Who is a Consumer?

Consumer protection laws are designed to protect "working families".

Sound familiar? What that means is that consumer protection laws apply to you only if your customers fit within the definition of a "consumer".

The Basics

It's simple really. Anyone who purchases a product or service from you that they use for:

  • personal use
  • domestic use
  • household use

is a consumer. In that case, the value $ of your product doesn't matter.

But what if what you are selling is worth less than $40,000? Did you know that can make a difference? 

Special Rules for products under $40,000

If what you are selling is worth less than $40,000 then you are selling to consumers whether they are individuals or businesses. So if you are in the business to business trade, you're covered by the new national consumer guarantees that came into force in Australia on 1 January 2011. 

*Consumer guarantees do not apply to wholesale, or products for resale, or products that will be made into something else or become part of something else.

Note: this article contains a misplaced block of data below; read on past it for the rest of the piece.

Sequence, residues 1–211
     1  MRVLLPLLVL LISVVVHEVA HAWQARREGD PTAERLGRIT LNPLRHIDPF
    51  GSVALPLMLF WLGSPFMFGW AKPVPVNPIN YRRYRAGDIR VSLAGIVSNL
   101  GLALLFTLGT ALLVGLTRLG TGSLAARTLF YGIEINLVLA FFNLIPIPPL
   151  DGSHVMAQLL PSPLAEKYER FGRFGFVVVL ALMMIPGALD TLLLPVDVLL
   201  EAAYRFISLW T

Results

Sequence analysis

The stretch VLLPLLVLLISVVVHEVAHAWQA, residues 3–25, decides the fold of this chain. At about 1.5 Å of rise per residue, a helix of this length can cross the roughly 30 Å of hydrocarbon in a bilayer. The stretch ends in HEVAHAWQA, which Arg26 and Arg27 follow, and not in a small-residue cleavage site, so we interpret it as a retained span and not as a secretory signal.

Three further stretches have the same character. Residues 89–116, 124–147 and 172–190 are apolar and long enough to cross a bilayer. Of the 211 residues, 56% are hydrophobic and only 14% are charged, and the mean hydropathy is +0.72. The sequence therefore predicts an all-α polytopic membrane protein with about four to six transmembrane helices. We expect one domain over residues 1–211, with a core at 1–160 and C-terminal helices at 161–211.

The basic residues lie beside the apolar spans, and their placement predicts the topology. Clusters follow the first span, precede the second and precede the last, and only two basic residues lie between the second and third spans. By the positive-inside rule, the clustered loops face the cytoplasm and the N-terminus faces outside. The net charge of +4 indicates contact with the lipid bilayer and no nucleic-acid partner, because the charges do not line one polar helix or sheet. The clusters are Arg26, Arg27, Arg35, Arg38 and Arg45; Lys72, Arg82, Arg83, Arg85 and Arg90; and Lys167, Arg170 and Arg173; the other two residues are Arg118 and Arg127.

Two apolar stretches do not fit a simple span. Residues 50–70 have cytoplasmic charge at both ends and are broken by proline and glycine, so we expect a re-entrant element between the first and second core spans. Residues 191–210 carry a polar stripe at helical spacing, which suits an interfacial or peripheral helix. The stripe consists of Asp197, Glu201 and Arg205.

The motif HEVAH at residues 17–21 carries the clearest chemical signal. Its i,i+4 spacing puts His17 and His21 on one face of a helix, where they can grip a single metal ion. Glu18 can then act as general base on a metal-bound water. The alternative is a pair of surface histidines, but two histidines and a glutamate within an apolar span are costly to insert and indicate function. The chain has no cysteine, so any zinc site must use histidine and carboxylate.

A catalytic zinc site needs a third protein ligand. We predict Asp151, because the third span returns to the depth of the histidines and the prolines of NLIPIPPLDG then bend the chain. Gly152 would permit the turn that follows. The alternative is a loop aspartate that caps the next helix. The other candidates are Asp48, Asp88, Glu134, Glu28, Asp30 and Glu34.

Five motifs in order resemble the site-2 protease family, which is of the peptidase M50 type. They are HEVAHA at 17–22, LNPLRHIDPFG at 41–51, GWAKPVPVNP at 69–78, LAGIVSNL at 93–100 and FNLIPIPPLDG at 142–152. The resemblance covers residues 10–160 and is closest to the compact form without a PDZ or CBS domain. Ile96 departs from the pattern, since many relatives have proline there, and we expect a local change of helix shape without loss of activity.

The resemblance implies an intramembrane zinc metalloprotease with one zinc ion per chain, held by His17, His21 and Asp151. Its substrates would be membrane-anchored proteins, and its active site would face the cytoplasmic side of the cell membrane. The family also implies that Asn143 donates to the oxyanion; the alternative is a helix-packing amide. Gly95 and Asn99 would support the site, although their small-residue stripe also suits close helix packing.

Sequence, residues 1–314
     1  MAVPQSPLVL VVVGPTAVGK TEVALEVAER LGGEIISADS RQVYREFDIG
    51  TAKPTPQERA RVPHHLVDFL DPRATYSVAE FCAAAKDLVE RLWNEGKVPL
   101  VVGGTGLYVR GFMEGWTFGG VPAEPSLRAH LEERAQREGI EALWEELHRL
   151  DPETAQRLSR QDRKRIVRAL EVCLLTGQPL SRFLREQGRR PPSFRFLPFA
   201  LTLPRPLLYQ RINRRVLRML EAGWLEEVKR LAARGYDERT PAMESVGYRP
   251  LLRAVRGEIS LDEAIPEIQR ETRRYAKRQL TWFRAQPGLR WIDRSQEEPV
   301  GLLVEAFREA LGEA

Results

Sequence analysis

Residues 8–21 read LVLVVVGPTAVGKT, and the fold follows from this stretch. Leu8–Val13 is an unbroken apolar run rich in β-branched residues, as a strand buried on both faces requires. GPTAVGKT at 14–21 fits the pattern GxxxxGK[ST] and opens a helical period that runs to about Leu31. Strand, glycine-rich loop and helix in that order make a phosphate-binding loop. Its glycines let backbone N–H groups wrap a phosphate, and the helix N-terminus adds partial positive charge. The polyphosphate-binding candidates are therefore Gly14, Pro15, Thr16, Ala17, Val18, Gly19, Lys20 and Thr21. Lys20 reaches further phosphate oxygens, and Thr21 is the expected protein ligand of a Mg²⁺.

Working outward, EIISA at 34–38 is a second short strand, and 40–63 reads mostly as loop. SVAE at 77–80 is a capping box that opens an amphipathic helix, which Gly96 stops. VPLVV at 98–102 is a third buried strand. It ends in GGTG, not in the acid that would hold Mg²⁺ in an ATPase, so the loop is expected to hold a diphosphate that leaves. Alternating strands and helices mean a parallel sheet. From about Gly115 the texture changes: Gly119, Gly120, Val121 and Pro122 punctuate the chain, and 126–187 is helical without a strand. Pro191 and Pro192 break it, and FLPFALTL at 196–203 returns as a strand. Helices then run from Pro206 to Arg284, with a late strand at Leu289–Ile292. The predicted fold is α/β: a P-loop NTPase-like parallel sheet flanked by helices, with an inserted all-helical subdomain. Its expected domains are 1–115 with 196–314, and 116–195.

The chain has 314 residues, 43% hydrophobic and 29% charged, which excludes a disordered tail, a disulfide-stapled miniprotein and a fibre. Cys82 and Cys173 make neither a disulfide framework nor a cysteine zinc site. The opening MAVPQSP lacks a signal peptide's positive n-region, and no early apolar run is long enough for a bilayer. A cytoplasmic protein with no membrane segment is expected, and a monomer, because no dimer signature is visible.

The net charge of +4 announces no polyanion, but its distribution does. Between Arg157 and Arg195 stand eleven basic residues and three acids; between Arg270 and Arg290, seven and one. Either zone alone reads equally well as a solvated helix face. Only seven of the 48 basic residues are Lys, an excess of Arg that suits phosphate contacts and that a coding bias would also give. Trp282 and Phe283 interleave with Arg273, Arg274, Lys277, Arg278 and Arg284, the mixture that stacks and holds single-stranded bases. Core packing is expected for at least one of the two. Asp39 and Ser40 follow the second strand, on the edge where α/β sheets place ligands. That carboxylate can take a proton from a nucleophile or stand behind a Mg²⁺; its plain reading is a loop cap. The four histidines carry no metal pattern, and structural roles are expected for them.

Motor Vehicles and trailers

Motor vehicles and trailers are covered if you use them for transporting goods. How does that work?

  • sale of a family car with a value of less than $40,000 is covered by consumer protection laws
  • sale of a family car worth more than $40,000 that is used for personal or household use is covered by consumer protection laws
  • a sale of a van you use to deliver goods as part of your business is covered, whatever the value
  • the sale of a luxury car (more than $57,000, or $75,000 if its eco-friendly) to your business that is only going to carry you around is not covered   

What about second-hand?

People who buy second-hand goods are still consumers. Same with 'seconds' off the warehouse floor. The expectations are just adjusted.

If you are dealing with consumers, then you need to know about consumer protection.

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